Agents boycott Hawkes Bay.png

These c. 1,000 listings are not attracting potential buyer interest from the more than 120,000 property buyers per day using Trade Me Property.

As a buyer accustomed to using Trade Me when searching for property there is no recognisable experience that will tell a person that there has been a boycott. The functionality of the web allows for tailored searches by location, price and type and at no point do you get a sense of the number of listings in relative terms. That is why the level of viewing of individual properties in the Hawkes Bay has not changed since the boycott began. This can be proved by this simply analysis.

Taking two properties that are advertised by Ray White (who have made no mention of their intention to join any boycott) that were both listed on the 5th February. The level of viewing on these properties comparing and Trade Me continues to show the general trend of a 10+ fold higher viewing on Trade Me Property.

Hawkes Bay 1.png


Now look at a couple of examples of the c. 1,000 listing not shown on Trade Me Property, they are not getting more viewing on because they are not on Trade Me - here are comparable stats. It clearly shows that there is no greater viewing on because these properties are not on Trade Me Property.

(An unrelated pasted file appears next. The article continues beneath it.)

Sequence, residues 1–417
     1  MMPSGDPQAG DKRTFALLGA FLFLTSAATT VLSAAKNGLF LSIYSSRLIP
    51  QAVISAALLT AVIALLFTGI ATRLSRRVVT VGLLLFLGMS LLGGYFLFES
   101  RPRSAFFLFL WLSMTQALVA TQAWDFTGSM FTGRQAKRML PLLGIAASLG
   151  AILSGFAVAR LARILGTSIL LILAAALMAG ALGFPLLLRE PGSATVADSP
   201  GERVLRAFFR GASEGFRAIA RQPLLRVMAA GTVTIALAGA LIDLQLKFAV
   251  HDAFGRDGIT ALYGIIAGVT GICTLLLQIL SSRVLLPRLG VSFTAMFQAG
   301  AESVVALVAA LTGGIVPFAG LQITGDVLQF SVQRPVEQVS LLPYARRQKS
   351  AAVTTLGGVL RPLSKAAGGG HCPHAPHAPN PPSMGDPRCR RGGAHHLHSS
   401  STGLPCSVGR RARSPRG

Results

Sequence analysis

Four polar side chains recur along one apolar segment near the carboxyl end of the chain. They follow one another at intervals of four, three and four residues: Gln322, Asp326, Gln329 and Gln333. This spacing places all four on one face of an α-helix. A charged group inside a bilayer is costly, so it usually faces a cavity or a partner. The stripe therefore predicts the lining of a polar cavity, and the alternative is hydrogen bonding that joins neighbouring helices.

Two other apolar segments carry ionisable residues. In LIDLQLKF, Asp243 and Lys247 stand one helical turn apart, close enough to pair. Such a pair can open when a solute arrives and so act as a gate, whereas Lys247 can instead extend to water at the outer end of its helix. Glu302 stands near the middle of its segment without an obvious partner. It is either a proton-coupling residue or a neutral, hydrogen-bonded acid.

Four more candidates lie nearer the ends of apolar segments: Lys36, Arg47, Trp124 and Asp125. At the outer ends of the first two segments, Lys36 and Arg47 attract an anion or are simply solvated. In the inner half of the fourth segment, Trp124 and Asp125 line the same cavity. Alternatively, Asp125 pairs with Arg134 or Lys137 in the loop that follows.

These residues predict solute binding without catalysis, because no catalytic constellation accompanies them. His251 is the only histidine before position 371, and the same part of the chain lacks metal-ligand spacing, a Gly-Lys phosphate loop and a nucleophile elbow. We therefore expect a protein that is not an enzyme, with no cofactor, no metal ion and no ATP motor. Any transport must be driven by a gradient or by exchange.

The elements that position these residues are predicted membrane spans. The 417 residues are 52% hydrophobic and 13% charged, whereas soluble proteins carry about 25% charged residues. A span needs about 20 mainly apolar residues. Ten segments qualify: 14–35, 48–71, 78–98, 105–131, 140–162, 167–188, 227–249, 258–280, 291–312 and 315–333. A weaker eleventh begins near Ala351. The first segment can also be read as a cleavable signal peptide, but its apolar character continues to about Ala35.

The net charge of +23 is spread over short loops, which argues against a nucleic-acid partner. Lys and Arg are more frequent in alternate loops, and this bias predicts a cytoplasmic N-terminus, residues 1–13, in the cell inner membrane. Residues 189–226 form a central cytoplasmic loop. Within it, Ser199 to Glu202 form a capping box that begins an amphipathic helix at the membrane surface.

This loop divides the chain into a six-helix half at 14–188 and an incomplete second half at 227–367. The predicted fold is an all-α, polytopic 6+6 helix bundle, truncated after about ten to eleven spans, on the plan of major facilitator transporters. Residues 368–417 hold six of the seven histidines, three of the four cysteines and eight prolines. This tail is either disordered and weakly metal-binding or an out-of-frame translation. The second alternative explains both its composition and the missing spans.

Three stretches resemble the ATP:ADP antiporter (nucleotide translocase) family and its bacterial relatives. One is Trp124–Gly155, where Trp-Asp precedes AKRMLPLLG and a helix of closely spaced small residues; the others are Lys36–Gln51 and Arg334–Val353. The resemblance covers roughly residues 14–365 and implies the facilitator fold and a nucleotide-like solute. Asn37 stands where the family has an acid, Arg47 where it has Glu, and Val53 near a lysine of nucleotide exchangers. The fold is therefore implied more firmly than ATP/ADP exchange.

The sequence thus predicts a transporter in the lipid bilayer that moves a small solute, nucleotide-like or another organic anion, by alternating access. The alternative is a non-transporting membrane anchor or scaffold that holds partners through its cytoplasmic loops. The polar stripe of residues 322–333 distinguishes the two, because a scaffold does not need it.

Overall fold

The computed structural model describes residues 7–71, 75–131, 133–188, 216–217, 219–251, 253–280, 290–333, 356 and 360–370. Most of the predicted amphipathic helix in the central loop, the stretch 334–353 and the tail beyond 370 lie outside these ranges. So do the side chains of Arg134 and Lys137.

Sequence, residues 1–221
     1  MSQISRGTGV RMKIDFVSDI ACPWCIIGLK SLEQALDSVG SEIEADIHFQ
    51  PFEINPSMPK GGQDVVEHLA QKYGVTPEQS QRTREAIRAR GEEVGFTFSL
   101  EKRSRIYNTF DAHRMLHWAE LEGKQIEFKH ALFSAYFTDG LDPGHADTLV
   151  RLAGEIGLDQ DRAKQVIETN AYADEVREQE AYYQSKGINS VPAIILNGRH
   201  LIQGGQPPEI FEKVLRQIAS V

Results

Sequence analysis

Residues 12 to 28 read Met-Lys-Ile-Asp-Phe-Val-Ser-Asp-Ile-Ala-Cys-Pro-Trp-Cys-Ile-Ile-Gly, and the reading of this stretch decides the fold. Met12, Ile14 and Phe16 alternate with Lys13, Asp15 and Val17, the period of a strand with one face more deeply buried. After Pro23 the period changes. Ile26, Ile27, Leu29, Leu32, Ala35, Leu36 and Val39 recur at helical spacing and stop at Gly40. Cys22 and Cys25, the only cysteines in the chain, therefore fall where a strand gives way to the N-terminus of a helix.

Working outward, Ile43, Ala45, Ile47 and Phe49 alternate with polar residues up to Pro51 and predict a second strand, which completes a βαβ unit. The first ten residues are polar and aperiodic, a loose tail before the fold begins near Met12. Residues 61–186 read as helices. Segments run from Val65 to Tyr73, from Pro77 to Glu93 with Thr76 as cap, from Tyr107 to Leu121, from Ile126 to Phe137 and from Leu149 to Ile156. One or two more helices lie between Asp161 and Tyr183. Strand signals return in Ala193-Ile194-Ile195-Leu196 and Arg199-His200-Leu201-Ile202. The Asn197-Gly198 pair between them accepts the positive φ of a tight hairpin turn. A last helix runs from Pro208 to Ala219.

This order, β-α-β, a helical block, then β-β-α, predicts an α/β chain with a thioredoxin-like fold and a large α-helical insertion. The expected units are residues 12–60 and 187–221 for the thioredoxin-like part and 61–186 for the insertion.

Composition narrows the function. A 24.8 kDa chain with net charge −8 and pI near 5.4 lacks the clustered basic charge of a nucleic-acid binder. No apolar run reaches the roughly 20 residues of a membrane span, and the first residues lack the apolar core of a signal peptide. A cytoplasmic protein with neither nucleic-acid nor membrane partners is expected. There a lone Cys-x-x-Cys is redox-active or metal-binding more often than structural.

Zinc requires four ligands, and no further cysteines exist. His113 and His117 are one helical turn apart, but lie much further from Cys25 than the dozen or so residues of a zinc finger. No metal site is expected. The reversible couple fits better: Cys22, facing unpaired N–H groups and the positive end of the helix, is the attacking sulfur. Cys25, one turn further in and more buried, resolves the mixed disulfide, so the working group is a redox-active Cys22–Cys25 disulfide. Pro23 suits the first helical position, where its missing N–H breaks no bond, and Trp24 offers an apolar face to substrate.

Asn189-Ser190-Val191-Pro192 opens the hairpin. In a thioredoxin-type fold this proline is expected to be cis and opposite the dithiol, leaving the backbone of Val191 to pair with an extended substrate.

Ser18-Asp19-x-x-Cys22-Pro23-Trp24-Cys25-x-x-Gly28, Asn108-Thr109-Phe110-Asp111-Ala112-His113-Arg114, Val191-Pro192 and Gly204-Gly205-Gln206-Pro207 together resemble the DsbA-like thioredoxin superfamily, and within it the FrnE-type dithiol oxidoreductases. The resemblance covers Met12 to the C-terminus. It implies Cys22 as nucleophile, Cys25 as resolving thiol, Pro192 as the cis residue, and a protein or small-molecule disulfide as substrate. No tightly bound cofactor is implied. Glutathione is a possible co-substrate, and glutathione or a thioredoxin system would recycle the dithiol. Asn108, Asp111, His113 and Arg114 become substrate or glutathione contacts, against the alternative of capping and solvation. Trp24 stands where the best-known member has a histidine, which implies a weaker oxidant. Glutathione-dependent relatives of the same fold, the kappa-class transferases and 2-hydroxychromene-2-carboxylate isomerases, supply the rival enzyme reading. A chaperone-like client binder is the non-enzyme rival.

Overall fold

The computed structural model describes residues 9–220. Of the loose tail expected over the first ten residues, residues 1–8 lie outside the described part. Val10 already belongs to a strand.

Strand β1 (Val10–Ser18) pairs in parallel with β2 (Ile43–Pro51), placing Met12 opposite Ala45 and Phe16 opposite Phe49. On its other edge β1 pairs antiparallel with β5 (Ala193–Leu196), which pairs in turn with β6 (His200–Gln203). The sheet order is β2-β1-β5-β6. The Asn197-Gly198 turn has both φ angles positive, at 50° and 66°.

Hawkes Bay 2.png

The vendors of these properties are not receiving the exposure they should. The scale of the loss is substantial - every day these c. 1,000 properties are missing potential buyers which has the potential of lessening the sale impact and competitive pressure in the market. The fact is the medium of choice when searching for property by over 90% of home buyers is the web. There are only two websites for real estate in NZ and Trade Me dominates to such an extent that not being on the site is marketing madness.

What perplexes me is that the real estate industry continue to think of online advertising as a cost, in the same way as they think of the photocopier as a cost or the phone system. They do not think this way about their preferred medium of choice - the newspaper or property magazine, that they think of as a re-charged advertising medium.